Obstacles may be summarized in the following manner:
(1) The lack of established community life among the various races, particularly in the case of southern and eastern European races. (2) The long distance from the chief ports of immigration.
(3) Prejudice against the immigrant on the part of negroes and native whites. There seems to be a natural prejudice against Italians, as expressed in the term "dagoes," and against other southern European immigrants, as expressed in the term "hunkies," which has been accentuated on the part of native employees on account of the use of immigrants of this class as strike breakers. The same natural prejudice appears in the attitude of the employers, who, with few exceptions, adopt a contemptuous attitude toward immigrants from southern Europe and regard them as desirable only from the standpoint of the lack of an alternative as a solution of the problem of labor scarcity. Employers, too, other things being considered equal, have stated that they prefer negroes to immigrants of this class, because they are better patrons of the commissaries, and in this manner practically receive lower wages.
(4) Slightly lower wages offered in the Birmingham district as compared by occupations with other coal and steel centers of the country.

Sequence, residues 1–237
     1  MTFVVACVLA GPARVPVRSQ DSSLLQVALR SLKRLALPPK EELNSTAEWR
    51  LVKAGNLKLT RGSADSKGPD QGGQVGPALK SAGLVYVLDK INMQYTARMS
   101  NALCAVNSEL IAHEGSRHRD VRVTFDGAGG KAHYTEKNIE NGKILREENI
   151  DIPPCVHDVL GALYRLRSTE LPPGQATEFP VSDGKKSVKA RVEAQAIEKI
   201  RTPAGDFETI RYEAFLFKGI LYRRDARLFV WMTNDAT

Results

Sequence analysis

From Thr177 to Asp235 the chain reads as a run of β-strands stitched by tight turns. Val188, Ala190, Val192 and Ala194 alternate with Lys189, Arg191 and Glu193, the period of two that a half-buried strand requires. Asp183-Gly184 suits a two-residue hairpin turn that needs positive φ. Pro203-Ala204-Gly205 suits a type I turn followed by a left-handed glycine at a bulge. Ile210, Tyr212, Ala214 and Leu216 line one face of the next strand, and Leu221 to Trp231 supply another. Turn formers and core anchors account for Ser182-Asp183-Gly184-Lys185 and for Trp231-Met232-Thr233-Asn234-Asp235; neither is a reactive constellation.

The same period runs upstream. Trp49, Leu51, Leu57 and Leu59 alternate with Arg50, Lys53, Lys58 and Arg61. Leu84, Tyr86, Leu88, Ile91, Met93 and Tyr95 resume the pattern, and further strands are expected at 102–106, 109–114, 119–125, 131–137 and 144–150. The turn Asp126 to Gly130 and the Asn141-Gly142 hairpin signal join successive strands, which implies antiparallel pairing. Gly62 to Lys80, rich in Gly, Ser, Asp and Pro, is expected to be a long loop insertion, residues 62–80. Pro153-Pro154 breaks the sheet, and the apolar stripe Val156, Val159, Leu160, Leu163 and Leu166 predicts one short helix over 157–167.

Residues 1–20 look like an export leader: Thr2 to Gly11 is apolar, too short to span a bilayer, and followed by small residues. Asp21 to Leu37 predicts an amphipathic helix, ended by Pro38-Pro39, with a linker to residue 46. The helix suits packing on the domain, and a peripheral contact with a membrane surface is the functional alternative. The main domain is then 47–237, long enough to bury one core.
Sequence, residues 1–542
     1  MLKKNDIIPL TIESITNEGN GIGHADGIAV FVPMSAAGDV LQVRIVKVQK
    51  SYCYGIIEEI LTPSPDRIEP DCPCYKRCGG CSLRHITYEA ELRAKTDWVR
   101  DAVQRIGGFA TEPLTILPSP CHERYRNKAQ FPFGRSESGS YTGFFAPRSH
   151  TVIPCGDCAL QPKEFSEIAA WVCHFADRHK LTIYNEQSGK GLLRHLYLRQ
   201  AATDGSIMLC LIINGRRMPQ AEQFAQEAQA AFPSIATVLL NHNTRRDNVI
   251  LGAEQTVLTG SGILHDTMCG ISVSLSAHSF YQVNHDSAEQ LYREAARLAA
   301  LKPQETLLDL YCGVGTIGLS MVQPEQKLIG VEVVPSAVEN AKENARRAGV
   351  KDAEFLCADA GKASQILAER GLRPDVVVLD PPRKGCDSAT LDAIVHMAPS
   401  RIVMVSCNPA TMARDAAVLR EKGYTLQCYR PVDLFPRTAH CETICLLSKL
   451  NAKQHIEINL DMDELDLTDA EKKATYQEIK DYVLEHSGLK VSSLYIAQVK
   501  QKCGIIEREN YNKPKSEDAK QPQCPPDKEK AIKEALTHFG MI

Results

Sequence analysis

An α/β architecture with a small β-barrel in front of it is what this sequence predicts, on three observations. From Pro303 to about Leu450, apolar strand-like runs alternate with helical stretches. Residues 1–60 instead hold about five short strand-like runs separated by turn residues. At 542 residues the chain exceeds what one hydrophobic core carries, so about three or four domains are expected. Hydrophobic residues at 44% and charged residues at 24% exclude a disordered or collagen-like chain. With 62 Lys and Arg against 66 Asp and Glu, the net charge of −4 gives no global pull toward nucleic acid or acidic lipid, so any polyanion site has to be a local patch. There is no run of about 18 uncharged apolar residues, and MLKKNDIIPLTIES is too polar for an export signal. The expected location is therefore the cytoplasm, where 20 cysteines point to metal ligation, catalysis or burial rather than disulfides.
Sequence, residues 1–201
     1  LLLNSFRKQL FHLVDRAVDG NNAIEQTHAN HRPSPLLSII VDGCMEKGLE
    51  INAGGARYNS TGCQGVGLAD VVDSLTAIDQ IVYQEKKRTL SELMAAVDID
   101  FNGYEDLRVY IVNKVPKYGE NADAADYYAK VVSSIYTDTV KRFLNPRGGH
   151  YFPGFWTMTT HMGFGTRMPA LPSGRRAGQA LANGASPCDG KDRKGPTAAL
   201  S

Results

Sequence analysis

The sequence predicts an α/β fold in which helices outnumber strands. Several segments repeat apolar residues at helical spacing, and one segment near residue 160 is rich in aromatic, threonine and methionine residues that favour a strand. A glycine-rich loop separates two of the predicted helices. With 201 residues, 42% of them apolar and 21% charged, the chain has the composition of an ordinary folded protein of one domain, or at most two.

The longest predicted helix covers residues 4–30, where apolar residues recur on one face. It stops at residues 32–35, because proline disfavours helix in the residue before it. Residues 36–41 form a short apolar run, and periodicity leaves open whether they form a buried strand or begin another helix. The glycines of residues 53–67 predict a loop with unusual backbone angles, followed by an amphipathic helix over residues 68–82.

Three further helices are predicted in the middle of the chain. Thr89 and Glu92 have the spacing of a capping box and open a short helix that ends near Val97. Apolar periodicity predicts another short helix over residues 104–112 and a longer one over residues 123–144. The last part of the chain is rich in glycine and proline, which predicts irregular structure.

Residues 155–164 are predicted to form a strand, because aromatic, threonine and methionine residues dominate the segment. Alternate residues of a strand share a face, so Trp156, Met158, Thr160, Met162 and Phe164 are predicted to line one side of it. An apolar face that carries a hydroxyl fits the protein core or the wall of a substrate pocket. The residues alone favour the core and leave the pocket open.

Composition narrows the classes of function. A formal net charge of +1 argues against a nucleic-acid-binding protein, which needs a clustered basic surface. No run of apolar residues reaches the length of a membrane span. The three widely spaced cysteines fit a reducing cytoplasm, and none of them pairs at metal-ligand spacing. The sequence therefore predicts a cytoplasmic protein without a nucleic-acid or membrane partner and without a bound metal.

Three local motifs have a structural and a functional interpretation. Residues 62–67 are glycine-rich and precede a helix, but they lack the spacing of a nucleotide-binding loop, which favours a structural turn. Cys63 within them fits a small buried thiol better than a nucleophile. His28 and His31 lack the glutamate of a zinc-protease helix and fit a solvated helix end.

The obstacles appear to have outweighed the inducements in the past. Immigrants who have been brought into the Birmingham district from New York as they landed or from communities in other States have been brought in only by special inducements, such as free transportation, during the periods of the greatest demand. They have not settled to any considerable extent, except in the case of the Scotch, English, Irish, and Welsh, who came of their own accord years ago, and except a community of Slovaks who have settled because members of this race were present in numbers large enough to establish a community. Finally, the greatest obstacle to immigration into this section should be noted as the general tendency on the part of immigrants, for whatever purpose, to go elsewhere in the United States. The flow of immigration has not been toward the South, and Birmingham employers believe that immigration into their district will not become natural until the immigration movement, in a national sense, is turned toward the South.